“Apparently it’s their third biggest audience ever behind two American imports. We were absolutely amazed. We really hoped that it would go down well but I don’t think we would have imagined it would have been so successful actually. They’re already talking about the next series so hopefully that will happen although the virus will make it difficult of course.”
The good times preceded some horrible times as not only did the country go into lockdown but the family also received a double dose of bad news.
“We only got back from the cruise on 12 March. We just made it back. We had finished filming a couple of days earlier than planned and got off the boat in Barcelona. We were meant to get off in Genoa but all the ports were closing.
“We had to isolate and then on 23 we all went into lockdown.
“I think what made us all weary of lockdown is not being able to see family properly. Because we’re Irish, we’re always very big on parties and big gatherings so that’s had to stop obviously.
“My grandkids came to the window. We got our little dose of them like everybody else did. I just feel horribly sorry for people who are on their own. I think everybody now is very, very weary of going into another one.
“Of course Anne and Linda both got cancer together so they went through their whole chemo through all this virus. It just made it much worse. Anne had a terrible time with the chemo but then she got terrible anxiety because of the virus. She wouldn’t have survived getting the virus really with her system being so low. All of that was very hard to deal with but everybody had a hard time in one way or another. They’re through the other side of their chemo so hopefully onwards and upwards.
“We’re hoping for the best and just getting on with things. We’ve always just got on with things so it will be okay hopefully.
“As in any big family something happens to one of you, or in this case two of you, the whole family is, ‘Okay let’s all meet at Maureen’s’. And we’ll make jokes and we support them.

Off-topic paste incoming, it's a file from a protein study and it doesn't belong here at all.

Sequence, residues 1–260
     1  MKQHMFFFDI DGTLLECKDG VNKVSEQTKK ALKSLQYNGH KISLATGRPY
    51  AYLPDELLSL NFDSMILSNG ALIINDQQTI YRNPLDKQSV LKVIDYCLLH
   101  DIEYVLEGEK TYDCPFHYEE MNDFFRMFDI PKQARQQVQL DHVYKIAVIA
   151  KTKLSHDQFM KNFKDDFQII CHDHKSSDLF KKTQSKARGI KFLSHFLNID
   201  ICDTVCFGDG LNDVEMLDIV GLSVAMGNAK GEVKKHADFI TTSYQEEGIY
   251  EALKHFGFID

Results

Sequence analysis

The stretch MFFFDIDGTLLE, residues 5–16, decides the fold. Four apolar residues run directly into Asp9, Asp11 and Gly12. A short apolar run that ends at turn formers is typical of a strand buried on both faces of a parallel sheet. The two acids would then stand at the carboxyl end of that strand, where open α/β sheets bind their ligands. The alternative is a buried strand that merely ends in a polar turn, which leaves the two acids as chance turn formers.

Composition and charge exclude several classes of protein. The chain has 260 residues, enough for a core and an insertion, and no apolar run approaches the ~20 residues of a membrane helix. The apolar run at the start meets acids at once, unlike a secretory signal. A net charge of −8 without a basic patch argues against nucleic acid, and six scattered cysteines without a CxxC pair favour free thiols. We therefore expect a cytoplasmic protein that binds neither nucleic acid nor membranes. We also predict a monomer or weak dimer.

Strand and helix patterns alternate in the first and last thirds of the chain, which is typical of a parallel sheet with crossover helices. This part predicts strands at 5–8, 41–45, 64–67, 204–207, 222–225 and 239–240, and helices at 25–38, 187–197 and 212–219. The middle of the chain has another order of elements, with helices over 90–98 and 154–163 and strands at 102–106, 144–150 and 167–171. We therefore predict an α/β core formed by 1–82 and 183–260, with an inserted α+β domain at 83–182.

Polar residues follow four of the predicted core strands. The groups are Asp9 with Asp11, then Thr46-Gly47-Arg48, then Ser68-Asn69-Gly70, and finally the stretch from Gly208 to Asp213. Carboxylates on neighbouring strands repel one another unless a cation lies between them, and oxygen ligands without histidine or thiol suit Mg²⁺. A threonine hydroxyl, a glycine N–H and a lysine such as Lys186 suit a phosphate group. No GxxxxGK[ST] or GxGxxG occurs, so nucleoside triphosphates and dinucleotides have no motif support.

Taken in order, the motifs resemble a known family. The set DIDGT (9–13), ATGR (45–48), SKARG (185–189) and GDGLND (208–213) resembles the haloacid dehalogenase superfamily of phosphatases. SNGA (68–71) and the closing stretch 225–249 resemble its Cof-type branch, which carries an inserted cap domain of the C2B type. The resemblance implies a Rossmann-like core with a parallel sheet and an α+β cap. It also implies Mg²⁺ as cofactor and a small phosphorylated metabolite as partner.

“I moved in with Anne and Linda moved in with Denise so that we could look after them while they were going through it all. Anne has three grandchildren as well and she would have got great comfort from them and been able to maybe go out with them and take her mind off things but of course she couldn’t and that just added to it all.
“We are a very big family. Linda always calls it this sort of ‘army’. If something happens in your life that’s dramatic, this big ‘army’ closes in around you. It’s the best thing about being a big family. But of course we couldn’t really do much of that.”
There was a sad milestone for the family recently when they marked what would have been Bernie’s 60th birthday.
Bernie died on 4 July 2013, aged 52.
“The 17th October would have been her 60th birthday. It was a big milestone so we managed to get together socially distanced in a restaurant on different tables with all our masks on just to celebrate it a little bit.
“Normally we would have had a big celebration of her on that day. We always do something but couldn’t quite believe she wasn’t here for her 60th. She was so full of life.
“Every milestone, everything that happens in our lives, we constantly say, ‘Bernie would have loved this’. She would have loved the cruise. She would have loved this album coming out. She has a daughter who was 21 in April. Bernie would have been so proud of her as well.”
It was just after their reunion tour of 2009 that Bernie was first diagnosed and although she beat it in the first instance it would return just a couple of years later.
“She got cancer 2010, I think, the first time. We had just done our reunion tour and not a bother on her and then I think late 2010 she got breast cancer and managed to get through all that. Her birthday’s in October and in January she had a ‘I’ve turned 50 and I’ve beaten cancer’ party.
“Then it all came back in 2012 and then it was everywhere. It had spread everywhere. She died 2013. It was obviously torturous really but she was upbeat and fantastic right until the end and didn’t talk too much about it because I think she always had hope in her heart. That’s how she kept going so long. She had hope in her heart that something would happen and they would find some miracle cure. I think that’s what kept her going and what kept her going for so long. Amazing person.”
A farewell tour had been announced in 2012 but this would be called off due to Bernie’s unfortunate illness.
“We were going to go out and do another tour but she became too ill. Then after she died we were planning to do a tribute tour to her and have her up on screen. We would have loved that but I think it was too soon really so it never happened.”
The Nolans: Gold is out now in ASDA, Tesco, Morrison’s, Sainsbury’s and HMV.